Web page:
b) What type is returned when nothing is explicitly returned in the function body? Are there any values associated with this type? Note: If you want to do nothing in the body of a function, use "pass", which is one of the reserved words in python. You can use "pass" any time you want to leave a block of code empty.

17. 22 January 2010
18. Q: For the exercise on January 13 you wrote a function that evaluated the arithmetic series (1+2+3+...+n) using recursion.

a) Write the same function using only functions in numpy (no recursion).

b) Write the same function using a loop (no recursion, no numpy).

19. 25 January 2010
20. Q: The python dictionary type allows the mapping of arbitrary keys to values. Look up the dictionary type in the Python Tutorial. Create a dictionary that maps the names of each month to its corresponding numerical value. Show how values in the dictionary can be accessed.

21. 27 January 2010
22. Q: Derive the central difference formula for the second derivative: $$f_i'' = \frac{f_{i+1} - 2f_i + f_{i-1}}{h^2} + O(h^2)$$ If you want your answer to look pretty, format it LaTeX-style (see this short math tutorial for LaTeX). For example, the source for the above equation is

f_i'' = \frac{f_{i+1} - 2f_i + f_{i-1}}{h^2} + O(h^2)


23. 29 January 2010
24. How can you slice an array [0,1,2,3,4,5,6,7,8,9] such that the result is [8,6,4,2,0]? Recall that the slice notation for array A is A[start:stop:step], where start, stop and step are integers.

25. 1 February 2010
26. Q: Can 10.1 be represented exactly as a "double precision" floating-point number? Explain using the formalism provided in class.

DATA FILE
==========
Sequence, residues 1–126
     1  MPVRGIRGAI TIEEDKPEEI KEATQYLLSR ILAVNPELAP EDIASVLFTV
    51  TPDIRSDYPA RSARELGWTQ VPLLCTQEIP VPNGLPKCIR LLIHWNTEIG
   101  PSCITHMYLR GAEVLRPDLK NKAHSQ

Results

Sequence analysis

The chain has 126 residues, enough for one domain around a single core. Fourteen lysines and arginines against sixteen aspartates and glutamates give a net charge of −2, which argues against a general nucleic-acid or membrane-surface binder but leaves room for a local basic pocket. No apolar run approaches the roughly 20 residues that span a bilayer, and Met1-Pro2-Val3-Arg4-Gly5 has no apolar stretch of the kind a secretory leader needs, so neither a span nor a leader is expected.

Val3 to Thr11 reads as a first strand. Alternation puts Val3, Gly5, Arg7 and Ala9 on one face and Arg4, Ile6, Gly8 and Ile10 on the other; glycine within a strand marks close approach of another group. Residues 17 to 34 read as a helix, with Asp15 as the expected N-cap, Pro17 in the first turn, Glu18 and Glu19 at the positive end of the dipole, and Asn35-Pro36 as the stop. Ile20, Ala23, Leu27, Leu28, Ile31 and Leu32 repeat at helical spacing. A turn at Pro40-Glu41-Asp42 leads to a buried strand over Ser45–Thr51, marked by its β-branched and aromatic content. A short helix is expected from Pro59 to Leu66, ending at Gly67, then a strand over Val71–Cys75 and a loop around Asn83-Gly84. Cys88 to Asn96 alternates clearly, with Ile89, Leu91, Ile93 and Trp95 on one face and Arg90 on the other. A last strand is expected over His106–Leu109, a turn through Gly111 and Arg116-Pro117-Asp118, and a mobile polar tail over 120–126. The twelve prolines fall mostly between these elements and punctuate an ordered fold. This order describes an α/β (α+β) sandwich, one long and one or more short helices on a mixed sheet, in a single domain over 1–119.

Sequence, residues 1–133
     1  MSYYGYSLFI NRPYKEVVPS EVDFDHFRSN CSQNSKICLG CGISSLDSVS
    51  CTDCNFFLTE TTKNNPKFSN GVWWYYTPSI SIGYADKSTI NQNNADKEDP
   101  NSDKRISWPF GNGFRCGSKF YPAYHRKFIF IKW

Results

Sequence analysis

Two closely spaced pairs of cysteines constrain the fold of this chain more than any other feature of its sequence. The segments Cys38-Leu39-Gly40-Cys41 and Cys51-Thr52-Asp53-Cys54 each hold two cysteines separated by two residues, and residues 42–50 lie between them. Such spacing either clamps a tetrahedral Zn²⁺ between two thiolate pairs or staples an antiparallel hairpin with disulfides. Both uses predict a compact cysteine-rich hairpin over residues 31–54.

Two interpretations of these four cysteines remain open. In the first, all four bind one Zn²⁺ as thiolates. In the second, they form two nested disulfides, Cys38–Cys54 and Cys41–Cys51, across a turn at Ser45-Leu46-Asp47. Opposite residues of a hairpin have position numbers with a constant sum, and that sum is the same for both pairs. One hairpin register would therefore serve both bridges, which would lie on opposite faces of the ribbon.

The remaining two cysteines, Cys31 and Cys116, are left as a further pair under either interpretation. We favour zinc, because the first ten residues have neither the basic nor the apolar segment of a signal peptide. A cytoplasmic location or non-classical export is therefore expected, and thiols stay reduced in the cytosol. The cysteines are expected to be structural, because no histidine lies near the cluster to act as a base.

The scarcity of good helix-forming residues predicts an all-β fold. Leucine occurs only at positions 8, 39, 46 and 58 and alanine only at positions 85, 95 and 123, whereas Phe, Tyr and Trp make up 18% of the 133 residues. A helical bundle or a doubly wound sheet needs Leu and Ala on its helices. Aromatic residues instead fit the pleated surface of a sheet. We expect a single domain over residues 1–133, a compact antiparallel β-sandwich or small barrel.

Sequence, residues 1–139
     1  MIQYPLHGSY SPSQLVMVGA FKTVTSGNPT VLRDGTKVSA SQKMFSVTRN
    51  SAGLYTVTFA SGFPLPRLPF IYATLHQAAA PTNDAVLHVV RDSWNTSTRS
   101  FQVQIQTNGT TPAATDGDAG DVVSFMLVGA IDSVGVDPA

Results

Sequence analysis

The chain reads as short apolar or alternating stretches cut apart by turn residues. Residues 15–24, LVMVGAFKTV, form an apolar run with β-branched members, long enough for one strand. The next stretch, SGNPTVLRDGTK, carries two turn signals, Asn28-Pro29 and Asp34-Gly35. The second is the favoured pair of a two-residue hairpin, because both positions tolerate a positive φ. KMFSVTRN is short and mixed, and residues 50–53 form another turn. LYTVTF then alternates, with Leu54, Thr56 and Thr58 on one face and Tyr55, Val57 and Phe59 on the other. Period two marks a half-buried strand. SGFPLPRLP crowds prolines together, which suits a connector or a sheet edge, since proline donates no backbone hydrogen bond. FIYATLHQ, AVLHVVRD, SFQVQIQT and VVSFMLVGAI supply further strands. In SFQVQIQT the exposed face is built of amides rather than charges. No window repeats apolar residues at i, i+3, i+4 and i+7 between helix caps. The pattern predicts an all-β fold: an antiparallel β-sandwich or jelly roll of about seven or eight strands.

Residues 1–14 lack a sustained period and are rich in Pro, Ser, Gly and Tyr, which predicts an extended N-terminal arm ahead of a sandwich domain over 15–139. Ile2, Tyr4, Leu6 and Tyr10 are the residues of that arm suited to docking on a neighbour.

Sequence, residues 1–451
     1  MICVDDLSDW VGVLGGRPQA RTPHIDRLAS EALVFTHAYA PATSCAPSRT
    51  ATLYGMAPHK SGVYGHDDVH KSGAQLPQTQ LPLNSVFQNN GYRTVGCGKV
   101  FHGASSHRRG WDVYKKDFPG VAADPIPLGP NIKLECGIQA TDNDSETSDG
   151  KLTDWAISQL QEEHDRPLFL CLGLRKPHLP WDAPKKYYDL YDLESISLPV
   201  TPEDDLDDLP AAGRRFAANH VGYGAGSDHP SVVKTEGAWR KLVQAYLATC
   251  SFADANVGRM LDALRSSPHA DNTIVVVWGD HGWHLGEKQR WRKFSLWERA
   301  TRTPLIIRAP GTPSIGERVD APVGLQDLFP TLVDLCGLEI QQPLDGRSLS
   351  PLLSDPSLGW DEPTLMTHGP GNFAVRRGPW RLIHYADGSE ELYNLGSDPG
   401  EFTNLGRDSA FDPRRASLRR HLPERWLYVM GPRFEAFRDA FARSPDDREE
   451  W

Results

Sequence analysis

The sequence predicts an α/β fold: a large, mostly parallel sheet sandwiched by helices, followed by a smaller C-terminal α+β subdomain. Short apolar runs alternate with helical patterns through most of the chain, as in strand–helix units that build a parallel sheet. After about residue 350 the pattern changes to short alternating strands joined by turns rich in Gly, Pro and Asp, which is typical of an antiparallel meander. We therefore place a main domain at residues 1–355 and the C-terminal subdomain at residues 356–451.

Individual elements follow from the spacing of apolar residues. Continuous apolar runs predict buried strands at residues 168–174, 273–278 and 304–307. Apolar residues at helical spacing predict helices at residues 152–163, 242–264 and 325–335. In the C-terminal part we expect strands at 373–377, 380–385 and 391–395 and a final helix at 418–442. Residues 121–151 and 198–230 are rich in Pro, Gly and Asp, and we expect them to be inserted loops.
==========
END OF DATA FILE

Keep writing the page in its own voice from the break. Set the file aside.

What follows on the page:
27. 3 February 2010
28. Q: List comprehensions in python can achieve the same ends as the map() function, but are more powerful and generally considered better form. Rewrite the factorial function to replace map() with a list comprehension when the factorial argument is an array.

29. 5 February 2010
30. Q: Single precision floats represent numbers in 32 bits.

a) How are the bits partitioned into the different parts of a float?

b) What is the largest and smallest positive single-precision float?

c) What is machine epsilon for single precision floats?

31. 8 February 2010
32. Q: What is the largest argument to the sine function we can choose such that the maximum error due to machine precision is on the order of 0.01 ? Note: This problem requires a theoretical answer, not a computation.

33. 10 February 2010
34. Q: Modify the 1D projectile motion in a vacuum program so that it determines and plots the trajectory in 2D for a launch angle of 45 degrees.

35. 12 February 2010
36. Q: Many physical problems (transmission of light in a medium, radioactive decay, etc) obey the following differential equation: $$\frac{df}{dt} = -\alpha f$$ for decay constant alpha.

a) Solve the equation analytically.

b) Choose $$\alpha = 1\ s$$ and solve the equation numerically. How do the computed and analytic solutions compare?

37. 15 February 2010
38. Q: The differential equation describing the variation of pressure with altitude in the atmosphere is $$\frac{d\ln p}{dz} = -\frac{g}{RT}$$ where the temperatures (K) approximately decrease with altitude according to $$T(z) = 290 - C z$$ for gravitational acceleration g, gas constant R = 287 J/K/km and lapse rate C = 6.5 K/km.